|Cemetery notes and/or description:|
The skeletal ruins of St. Peter’s Catholic Church along with the several dozen tombstones are all that remain of the “Old Stone Church” and its cemetery which was once the centerpiece of a once thriving community located in the hills of Salt Lick Township in Perry County.
Construction of the stone church started in 1845 as a continuation of the “Monday Creek Mission” and was recorded as “under roof” in 1849 when Father J. J. Slevin celebrated Mass for the first time. The “Old Stone Church” was dedicated to God under the patronage of St. Peter and was one of the mission churches founded in the 19th century considered to be (at that time) “the cradle of Catholicity in Ohio” by the Catholic Church. Father John S. Hannon celebrated St. Peter’s last Mass on November 23, 1880 – only 30 years after its opening.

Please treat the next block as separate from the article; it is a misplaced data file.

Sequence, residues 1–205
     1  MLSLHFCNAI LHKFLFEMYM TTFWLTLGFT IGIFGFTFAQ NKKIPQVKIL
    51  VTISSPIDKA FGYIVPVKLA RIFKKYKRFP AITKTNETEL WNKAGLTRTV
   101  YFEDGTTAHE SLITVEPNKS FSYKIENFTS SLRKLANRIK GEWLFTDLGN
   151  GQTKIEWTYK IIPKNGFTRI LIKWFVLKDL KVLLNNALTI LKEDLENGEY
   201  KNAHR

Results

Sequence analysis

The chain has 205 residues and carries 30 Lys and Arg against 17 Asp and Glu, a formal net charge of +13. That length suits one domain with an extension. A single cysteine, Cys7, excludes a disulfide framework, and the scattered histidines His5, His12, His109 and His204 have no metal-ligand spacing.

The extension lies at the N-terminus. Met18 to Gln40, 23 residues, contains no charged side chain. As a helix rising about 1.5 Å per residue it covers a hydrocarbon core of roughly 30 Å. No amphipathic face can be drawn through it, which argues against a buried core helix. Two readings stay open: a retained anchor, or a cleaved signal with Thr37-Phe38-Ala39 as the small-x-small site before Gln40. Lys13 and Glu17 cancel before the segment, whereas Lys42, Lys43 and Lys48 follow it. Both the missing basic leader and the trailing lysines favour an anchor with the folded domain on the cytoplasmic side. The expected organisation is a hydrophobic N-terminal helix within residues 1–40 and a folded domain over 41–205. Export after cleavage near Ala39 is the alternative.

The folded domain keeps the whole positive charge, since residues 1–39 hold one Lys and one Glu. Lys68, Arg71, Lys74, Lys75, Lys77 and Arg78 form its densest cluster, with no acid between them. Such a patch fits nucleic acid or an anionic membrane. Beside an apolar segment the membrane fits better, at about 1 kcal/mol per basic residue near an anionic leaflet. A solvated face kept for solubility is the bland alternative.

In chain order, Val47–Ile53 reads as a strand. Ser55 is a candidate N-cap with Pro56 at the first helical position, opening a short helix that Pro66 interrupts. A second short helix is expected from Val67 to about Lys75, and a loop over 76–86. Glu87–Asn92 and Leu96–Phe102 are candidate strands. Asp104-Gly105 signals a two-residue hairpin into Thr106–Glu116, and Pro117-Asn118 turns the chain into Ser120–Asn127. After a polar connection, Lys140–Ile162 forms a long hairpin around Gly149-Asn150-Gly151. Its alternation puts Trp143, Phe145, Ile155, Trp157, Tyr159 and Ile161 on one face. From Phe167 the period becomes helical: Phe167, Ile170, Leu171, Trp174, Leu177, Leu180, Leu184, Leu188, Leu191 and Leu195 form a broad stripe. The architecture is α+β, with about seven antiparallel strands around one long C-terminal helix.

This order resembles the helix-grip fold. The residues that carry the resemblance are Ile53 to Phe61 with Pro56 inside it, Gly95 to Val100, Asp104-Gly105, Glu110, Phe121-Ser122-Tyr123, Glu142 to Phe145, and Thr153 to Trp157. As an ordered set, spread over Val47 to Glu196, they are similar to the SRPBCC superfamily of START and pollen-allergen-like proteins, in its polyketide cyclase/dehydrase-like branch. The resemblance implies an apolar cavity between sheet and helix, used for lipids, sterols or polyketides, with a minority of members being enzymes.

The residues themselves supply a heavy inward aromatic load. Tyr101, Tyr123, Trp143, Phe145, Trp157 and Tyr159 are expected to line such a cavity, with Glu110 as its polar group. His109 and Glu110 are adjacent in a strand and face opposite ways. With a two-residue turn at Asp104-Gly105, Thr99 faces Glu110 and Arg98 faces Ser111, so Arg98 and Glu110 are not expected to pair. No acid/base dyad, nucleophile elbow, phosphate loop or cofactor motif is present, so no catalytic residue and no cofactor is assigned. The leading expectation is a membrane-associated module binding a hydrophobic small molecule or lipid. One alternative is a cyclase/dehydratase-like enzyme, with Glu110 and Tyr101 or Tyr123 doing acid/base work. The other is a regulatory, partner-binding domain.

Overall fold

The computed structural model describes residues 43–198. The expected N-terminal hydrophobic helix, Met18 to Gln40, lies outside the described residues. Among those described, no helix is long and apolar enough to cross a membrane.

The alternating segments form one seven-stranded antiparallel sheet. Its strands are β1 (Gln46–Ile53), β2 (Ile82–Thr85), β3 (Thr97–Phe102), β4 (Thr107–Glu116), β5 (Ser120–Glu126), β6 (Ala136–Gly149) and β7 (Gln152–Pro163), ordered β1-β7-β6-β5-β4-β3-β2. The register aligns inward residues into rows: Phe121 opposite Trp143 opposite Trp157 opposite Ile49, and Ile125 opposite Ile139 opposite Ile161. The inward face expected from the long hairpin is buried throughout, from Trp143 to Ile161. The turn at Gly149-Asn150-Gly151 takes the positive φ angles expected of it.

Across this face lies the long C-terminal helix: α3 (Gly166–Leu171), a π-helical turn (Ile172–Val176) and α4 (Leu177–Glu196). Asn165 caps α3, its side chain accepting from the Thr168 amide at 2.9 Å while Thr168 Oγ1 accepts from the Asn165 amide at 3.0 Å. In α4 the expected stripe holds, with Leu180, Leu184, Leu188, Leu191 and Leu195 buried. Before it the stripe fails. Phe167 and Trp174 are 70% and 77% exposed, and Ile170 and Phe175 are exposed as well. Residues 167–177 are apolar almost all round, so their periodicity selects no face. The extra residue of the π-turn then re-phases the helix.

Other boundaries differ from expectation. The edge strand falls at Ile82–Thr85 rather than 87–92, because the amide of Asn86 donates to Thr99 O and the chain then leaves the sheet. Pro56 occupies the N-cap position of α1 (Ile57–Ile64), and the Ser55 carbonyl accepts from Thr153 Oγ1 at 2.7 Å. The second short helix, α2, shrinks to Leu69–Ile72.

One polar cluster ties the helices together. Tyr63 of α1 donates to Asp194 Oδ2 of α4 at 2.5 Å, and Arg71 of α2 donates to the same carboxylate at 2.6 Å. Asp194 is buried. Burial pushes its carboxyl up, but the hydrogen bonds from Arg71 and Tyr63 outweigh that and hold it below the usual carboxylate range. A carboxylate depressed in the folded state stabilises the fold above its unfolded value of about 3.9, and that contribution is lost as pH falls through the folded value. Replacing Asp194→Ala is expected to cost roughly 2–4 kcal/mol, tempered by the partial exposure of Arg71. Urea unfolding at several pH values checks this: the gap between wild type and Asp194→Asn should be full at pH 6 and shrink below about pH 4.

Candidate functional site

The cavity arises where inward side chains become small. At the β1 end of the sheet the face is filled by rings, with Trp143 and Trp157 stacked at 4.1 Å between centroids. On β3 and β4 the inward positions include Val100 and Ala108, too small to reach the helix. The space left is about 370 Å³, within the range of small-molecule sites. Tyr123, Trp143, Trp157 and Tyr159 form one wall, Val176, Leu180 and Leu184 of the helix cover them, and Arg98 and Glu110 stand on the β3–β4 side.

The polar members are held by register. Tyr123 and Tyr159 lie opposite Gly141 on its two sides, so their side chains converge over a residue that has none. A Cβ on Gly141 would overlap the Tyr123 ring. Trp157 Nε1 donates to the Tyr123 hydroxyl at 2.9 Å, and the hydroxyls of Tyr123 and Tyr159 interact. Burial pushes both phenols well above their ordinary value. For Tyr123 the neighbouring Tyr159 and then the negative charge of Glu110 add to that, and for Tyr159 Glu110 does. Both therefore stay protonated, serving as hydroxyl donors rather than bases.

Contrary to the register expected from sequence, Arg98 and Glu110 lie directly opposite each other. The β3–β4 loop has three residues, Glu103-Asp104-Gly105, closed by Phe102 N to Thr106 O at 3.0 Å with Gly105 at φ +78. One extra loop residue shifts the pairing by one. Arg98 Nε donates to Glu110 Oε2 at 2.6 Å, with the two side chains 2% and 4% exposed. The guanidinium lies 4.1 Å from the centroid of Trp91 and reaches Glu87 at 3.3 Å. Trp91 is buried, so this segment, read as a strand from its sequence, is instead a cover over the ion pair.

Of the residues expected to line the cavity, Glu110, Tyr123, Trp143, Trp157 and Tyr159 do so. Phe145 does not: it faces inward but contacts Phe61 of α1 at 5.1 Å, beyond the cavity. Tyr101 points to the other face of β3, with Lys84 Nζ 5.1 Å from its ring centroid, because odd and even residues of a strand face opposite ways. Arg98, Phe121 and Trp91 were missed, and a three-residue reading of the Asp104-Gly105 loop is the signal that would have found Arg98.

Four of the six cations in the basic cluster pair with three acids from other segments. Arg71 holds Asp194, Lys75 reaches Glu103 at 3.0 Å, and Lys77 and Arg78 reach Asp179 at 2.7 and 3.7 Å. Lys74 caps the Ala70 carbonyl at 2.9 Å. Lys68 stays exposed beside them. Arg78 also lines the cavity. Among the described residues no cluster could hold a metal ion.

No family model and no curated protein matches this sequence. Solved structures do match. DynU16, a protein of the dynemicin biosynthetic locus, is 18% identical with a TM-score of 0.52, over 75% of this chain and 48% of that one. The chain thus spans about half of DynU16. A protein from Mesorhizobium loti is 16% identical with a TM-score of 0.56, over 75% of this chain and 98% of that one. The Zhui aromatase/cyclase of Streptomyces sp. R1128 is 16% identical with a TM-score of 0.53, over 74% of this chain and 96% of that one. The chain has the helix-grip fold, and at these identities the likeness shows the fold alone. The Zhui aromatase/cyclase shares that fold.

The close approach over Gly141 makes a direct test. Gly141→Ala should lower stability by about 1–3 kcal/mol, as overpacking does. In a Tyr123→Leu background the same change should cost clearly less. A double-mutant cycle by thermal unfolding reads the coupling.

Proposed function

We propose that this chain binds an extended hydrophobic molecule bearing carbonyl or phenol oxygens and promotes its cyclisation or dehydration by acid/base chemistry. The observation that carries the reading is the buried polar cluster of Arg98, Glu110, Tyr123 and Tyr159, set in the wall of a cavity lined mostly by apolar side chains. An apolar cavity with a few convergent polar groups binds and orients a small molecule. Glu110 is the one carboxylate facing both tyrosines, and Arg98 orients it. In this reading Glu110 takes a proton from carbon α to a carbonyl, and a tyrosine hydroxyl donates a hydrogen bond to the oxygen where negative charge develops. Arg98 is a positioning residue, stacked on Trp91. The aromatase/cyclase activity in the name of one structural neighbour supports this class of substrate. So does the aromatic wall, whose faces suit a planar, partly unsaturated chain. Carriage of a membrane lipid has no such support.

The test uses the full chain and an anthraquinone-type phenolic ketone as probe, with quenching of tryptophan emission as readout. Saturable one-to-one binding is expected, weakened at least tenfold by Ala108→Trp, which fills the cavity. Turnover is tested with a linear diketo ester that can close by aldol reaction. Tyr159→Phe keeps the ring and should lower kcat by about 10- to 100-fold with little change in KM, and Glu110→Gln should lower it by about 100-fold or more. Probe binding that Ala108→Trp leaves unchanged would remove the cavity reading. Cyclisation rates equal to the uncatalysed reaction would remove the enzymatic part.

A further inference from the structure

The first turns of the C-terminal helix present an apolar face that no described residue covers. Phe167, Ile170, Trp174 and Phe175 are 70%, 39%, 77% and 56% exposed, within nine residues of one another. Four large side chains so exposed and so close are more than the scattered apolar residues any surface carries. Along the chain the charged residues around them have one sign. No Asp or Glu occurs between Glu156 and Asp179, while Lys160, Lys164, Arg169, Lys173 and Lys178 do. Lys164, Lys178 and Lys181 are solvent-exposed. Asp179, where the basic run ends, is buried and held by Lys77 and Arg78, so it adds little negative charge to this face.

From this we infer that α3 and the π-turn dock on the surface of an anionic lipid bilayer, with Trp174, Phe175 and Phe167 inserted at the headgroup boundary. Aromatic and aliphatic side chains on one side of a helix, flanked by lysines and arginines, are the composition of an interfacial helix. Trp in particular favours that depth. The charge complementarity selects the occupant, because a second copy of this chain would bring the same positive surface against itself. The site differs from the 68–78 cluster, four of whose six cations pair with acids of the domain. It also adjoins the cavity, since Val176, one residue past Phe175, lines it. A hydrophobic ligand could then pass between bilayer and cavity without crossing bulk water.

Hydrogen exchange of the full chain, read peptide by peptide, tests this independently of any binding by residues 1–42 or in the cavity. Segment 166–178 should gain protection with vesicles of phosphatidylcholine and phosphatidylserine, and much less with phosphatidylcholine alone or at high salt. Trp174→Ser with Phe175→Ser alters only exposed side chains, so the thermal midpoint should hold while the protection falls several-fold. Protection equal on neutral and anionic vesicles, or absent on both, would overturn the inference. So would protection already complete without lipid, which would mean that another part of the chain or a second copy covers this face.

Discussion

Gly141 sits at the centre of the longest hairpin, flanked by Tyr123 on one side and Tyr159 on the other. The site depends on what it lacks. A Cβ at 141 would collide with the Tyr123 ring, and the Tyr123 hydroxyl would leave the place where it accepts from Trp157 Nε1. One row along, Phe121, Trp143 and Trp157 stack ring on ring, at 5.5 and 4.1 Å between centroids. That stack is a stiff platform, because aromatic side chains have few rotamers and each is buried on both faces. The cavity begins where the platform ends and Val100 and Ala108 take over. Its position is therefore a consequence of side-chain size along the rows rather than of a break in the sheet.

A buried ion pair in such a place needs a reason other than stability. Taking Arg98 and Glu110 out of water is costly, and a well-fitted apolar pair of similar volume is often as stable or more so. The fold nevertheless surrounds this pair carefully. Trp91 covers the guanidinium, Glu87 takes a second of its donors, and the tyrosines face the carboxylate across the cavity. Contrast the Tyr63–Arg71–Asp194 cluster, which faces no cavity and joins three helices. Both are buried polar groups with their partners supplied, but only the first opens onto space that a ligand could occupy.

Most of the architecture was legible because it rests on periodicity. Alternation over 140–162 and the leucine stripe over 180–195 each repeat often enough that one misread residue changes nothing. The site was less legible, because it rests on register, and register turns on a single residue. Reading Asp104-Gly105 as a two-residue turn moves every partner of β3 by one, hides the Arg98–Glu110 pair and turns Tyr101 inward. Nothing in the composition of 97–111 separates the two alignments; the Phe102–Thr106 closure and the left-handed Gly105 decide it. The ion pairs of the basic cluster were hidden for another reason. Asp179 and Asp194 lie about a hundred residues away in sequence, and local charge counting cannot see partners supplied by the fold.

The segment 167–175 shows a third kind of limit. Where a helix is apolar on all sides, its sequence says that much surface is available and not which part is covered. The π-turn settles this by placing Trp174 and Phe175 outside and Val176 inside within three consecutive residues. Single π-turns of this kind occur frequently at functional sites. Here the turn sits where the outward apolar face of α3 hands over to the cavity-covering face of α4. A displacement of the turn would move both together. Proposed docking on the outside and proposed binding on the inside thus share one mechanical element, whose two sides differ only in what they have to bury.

During the Civil War, iron ore from the surrounding hills was mined to make cannon balls for the Union Army. According to legend, sometime shortly after the Civil War, a plague struck and wiped out the community. The church fell into disrepair and was closed.
Another version of local history maintains that with the boom of the iron mines, so many Catholics moved into the area that a new church (St. Augustine) was built in 1871 in nearby New Straitsville and St. Peters may have been abandoned. In 1990, the 128-year old St. Augustine Church was razed in New Straitsville, leaving the ruins of St. Peters as the only visible sign of a once prosperous Catholic parish.
The cemetery is located behind the ruins of the church, one mile north on Stone Church Hollow Road (County Rd. 39) from its intersection of Old Town Road (County Rd. 38). There is a path on the right side of the road leading up to the site which sits about 100 yards off of Stone Church Hollow Road.
The site is maintained by the U.S. Forestry Service and is a stop on its “Stone Church Trail” – a 21 mile round-trip horse/walking trail which starts near the intersection of County Roads 38 and 39.